The 2013 Miss Israel spoke about her personal struggles and the joy she found as an immigrant in Israel at the University of Maryland on Wednesday as part of a five-campus tour to raise awareness about the country.

Born and raised in Ethiopia, Yityish "Titi" Aynaw immigrated to Israel when she was 12 and went on to serve as a commander in the Israeli Defense Forces. Aynaw made history in 2013 when she became the first black woman to win an Israeli pageant.

"People don't know too much about Israel and they see this black girl model Miss Israel speaking — I like to see the surprise on their faces," Aynaw said in a Diamondback interview. "[The students] are really interested in what I have to say, and that they got to learn about Israel in different ways."

The Jewish National Fund brought Aynaw to campus, said Jacob Orbach, a campus fellow for the Jewish National Fund. She spoke to students on immigration, military life in Israel and women's rights in the country in Stamp Student Union's Colony Ballroom on Wednesday evening.

"A lot times, the media doesn't get the right story, and bringing someone, like Titi, who isn't in politics, but just a good role model of a person to have speak to multiple audiences and cater to many people at once is very beneficial for a place like a university," said Orbach, a sophomore enrolled in letters and sciences.

During her interview, Aynaw said she grew up in humble beginnings, and immigrated to Israel at age 12 with her younger brother to live with their grandmother and find a better life in a different place. She had to learn to grow up fast, as her father died when she was 2 years old and her mother passed away from an illness when she was 12, she added.

"In Ethiopia, it was really different to live in a village," she said. "We didn't have cars, computers, phones … it's just really different, really strange from Israel."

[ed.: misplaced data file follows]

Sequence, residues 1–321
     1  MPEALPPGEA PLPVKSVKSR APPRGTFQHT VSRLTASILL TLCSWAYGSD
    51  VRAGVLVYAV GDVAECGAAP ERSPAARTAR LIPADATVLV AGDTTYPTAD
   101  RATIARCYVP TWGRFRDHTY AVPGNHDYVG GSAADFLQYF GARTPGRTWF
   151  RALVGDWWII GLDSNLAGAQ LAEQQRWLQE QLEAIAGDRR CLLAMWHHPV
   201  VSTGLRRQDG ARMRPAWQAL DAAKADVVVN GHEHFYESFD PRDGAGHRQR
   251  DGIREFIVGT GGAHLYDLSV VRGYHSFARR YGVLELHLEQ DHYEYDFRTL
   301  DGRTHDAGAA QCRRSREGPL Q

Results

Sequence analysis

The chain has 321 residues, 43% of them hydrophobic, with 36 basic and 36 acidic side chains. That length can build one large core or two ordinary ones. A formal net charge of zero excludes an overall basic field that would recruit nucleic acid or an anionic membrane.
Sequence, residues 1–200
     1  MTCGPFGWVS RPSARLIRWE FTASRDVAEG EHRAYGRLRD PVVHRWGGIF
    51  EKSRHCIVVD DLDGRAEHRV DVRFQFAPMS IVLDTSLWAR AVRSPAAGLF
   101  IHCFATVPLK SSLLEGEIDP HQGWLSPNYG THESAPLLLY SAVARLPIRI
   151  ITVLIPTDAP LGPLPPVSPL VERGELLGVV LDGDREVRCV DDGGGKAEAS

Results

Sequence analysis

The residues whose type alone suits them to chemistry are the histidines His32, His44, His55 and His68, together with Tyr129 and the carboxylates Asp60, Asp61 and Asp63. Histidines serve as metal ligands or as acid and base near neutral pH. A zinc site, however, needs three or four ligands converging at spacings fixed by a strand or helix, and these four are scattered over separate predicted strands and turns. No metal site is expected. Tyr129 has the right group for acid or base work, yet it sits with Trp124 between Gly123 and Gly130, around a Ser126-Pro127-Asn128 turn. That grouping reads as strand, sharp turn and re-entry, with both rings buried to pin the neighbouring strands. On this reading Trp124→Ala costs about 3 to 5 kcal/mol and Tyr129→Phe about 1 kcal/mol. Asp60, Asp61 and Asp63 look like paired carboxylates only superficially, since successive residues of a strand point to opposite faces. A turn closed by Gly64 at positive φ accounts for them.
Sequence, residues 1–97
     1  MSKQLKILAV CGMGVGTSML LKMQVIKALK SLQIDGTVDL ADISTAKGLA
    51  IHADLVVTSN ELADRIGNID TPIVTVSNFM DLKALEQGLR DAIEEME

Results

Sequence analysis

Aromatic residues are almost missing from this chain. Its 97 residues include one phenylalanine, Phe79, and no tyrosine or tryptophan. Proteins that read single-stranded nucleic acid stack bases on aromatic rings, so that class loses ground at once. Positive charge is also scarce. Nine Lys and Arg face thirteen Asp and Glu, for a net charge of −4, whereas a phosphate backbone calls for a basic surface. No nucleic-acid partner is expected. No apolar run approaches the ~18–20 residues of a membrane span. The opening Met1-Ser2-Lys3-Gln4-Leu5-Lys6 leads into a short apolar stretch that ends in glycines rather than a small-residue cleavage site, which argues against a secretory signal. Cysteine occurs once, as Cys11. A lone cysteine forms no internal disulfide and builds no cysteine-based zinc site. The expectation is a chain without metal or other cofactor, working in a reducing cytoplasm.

While in Israel, Aynaw made it a priority to get the most out of her education.

"I wanted to get good grades in high school to be able to go to university and to get a better job," she said. "When you are an immigrant and you don't have a degree or education, you work so like 24 hours … and not get breaks or enough money to raise your families."

In terms of women's rights in Israel, Aynaw told The Diamondback she could not be more proud of her country. While women in government had been very uncommon in Israel, more women are beginning to take higher positions in the country's politics, she added.

"What's beautiful in our country is that they have groups for everyone," she said. "We can speak, protest and write to the government. Things change. Being a woman, it's great."

After the results of Tuesday's presidential election, Aynaw said she hopes President-elect Donald Trump will continue to maintain the strong relationship the United States has with Israel.

"I know that it's really crazy here and that people are taking this personally," she said. "I hope he will continue the good relationship with Israel, and I think that as an Israeli, it's really important for me."

Shira Gabay, an employee with Maryland Hillel, said hearing Anynaw's personal story on Wednesday was inspiring.

"I'm an Israeli, and she is a good example of a true success story in Israel as a minority," Gabay said. "All of us can learn from her story. We don't hear about these hard topics every day, and to hear her, as she is part of the Ethiopian society was amazing for me and it felt good."